Feel free to ask questions or discuss below!
It’s instructive to replicate the DAO hack, thanks for the example.
One critical concept that I overlooked is the fact that the Attacker contract has to have a balance in the DAO contract which is accomplished by using the Attacker.payMe() function call when setting things up. It would’ve been more clear to me to name it say Attacker.contribute() to reiterate that the attacker contract is obtaining a balance in the DAO with it’s address so it can successfully pull off the hack.
On the DAO hacks section I didn’t know if you were going to include the code, like I’ve seen Filip do, so I started coding the contract from scratch as you did and that was educational on it’s own. I made a couple mistakes, one was not including payable on the anonymous function of the Attacker contract which was the hardest to trouble shoot, but it a learning experience to make it work like it should.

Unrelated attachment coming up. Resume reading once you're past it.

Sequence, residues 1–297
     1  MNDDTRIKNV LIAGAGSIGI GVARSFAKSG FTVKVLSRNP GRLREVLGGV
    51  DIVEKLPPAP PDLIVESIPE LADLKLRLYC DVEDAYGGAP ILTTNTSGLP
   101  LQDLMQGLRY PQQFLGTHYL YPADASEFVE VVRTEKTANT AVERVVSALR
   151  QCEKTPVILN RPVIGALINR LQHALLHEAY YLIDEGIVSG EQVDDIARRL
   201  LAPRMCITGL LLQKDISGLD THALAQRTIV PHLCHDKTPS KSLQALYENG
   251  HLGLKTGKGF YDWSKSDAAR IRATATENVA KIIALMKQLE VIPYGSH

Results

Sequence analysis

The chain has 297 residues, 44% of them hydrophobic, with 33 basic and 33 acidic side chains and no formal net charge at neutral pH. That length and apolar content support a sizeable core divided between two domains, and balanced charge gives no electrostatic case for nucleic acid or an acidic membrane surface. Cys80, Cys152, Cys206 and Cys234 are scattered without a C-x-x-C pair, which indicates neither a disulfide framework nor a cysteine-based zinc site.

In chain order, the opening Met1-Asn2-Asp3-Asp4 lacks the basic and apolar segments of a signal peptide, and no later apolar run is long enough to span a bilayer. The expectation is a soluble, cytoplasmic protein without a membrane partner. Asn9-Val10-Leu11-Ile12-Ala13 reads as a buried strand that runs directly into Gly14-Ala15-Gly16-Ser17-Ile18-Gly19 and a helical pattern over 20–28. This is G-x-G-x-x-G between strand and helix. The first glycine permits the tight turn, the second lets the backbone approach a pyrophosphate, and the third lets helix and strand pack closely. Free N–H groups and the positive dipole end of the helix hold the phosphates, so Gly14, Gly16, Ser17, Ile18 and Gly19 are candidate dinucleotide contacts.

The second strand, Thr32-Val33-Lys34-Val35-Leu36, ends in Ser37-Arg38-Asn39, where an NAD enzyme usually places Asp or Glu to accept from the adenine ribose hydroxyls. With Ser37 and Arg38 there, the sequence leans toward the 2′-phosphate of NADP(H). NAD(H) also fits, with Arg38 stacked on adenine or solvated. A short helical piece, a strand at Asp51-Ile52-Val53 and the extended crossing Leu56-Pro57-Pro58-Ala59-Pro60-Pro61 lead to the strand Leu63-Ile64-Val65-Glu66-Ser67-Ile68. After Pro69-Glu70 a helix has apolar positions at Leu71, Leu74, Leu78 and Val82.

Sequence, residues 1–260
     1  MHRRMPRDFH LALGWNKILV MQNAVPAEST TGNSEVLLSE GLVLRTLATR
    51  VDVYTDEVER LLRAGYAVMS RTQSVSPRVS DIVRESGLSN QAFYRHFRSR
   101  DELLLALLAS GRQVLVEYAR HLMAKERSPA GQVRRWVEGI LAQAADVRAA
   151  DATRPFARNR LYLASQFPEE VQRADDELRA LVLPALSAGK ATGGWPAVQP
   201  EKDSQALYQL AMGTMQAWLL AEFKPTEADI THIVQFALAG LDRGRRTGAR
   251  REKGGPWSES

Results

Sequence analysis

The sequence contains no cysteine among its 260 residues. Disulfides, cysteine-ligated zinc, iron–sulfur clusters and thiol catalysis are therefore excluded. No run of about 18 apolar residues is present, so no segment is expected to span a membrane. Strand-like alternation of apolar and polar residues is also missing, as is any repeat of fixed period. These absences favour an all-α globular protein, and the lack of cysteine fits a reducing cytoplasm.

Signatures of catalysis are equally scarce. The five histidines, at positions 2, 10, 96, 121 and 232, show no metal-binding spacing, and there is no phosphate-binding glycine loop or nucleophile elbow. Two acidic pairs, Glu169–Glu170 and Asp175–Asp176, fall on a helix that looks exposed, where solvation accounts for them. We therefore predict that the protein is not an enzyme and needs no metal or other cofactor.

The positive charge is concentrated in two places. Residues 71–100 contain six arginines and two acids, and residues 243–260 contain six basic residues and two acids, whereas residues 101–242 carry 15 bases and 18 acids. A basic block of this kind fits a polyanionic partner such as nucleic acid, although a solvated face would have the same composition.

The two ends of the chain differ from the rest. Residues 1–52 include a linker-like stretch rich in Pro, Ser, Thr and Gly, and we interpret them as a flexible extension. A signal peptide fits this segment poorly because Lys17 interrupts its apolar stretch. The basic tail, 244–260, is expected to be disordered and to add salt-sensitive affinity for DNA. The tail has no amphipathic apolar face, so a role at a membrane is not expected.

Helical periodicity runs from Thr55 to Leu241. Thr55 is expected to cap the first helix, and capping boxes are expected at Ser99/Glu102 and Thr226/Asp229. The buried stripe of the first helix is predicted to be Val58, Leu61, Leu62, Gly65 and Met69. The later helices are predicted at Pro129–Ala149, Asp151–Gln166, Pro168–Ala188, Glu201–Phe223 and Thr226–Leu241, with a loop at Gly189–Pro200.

Great demonstration of DAO hack, thank you!
What is going in my mind is what basically happen if sending of Ether somehow fails
but balance was already set to 0. Does in this case contract trying to retrieve Ether is left without money,
because balance was set to 0, but transaction has failed?
I’m trying to create this case, but I can’t find the way to make transaction fail,
but surely in real world scenario this can happen.